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Shalom From the Silicon Vadi of Israel

February 26, 2001
Related Topics: Global Business Issues, Featured Article
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Many changes have occurred in Israel'sSilicon Vadi, a nickname for our own hi-tech empire much like Silicone Valley,California. In the course of four months, we went from self-assurance andeuphoria, to doubtfulness about the future. Nevertheless, we charge full speedahead.

    In light of theNASDAQ fall and other high-tech bourses, we have suffer immensely from theambiguity of the current political situation. Although the terror has notpenetrated the vicinity of our workplaces, we still have concerns for thefuture.

    The recent electionhas added a new level of insecurity to our daily lives, as well as most Israelicompanies in the 'outside' world.

We worry at home but westill overcome our hardships at the workplace. Unfortunately, we have a lot ofpractice.

    When the new 'Intiphada'(Palestinian unrest) erupted, some surveys showed that more workers than beforewere interested in relocating to other branches on the outside.

    HR managers weredealing with other difficulties, including family members who were placed indangerous situations and the killing of co-workers. For example, one of thereserve soldiers lynched in Ramallah during the Intiphada was an employee ofXerox Israel. The company did not emphasize this fact but fellow workersunderwent shock and trauma.

    The Israeli workarena has changed immensely after the big multi-national companies entered. Ithas changed tremendously in less than a decade. Many global companies came hereto start an R&D center, and a majority of the Israeli companies went global.

    Besides unionizedworkers, who comprised the vast majority of Israeli workforce, only a handful ofhigh-tech companies are still unionized.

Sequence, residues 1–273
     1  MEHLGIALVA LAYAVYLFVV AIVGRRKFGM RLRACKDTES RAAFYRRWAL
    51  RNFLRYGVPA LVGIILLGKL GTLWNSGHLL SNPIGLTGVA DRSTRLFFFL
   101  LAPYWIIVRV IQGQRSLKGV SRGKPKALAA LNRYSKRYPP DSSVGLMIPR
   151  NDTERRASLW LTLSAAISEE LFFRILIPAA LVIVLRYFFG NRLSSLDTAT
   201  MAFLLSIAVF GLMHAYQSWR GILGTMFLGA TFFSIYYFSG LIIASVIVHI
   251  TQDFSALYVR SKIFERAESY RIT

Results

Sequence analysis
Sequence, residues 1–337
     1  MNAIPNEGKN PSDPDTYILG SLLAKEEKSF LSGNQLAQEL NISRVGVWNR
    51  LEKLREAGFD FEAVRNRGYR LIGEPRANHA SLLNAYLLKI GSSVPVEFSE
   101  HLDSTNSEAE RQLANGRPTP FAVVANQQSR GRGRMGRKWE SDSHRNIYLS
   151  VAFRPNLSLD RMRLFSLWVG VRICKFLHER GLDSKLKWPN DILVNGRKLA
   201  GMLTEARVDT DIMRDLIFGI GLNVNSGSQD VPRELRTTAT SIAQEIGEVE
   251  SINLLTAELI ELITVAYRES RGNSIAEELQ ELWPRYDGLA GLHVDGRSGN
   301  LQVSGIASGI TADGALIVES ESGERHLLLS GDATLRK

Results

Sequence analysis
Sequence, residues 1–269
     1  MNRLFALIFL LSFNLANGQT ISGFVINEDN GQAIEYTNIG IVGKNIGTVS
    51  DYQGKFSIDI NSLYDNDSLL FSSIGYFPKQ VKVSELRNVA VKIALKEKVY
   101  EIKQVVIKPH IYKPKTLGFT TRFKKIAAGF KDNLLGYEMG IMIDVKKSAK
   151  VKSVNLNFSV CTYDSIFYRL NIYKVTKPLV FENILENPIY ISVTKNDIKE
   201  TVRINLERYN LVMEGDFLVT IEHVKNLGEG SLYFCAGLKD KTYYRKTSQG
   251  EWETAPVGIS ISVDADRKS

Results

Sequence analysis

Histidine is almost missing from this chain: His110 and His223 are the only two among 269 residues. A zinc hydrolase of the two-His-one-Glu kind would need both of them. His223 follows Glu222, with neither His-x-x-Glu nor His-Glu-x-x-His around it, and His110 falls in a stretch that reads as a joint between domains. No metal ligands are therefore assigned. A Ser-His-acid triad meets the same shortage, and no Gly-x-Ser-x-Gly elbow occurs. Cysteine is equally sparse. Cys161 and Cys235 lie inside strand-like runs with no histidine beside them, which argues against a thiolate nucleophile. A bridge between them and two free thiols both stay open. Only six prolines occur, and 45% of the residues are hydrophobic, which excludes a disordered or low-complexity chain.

This shift hadtremendous influence over the modes of operation for companies. It brought inAmerican work norms that are both positive and negative.

    On the one hand, HRfunctions became more professional. Promotions that were once based on seniorityare now based on merit and performance. But we also witness norms that have beenhard to cope with especially during times of trouble. A big multinational firmhas closed down one of its two branches in Israel. It was a successful start-upthat did not serve the company's purpose anymore. The company fired all itsemployees and led them to the gates with guard escort.

    Israeli Hi-techcompanies are coping with HR issues that were only known in the United States upto this point, especially recruitment and retention issues.

    Similar to theUnited States, we have to cope with the deep fall of share prices. Also, theappeal of option plans is fading. Many of the options are underwater, whichmeans they are no longer lucrative. Employees are holding on, waiting for thingsto improve and share prices to rise.

    Israeli workers whoused to be more loyal have started to wander between companies in the last fewyears. In some instances the current NASDAQ and political situation slowed downthe processes of turnover. HR managers try to help by developing various tools,including better communication programs. Large companies have tried to imitatethe start-up spirit and enabled their workers to take part in innovationprocesses, etc.

    The NASDAQ and ourcurrent political situation, together, hurt the Israeli Hi-tech sector.Nevertheless, Israeli HR managers, as well as other Israeli managers andworkers, are accustomed to hardships. We worry at home but we still overcome ourhardships at the workplace. Unfortunately, we have a lot of practice.

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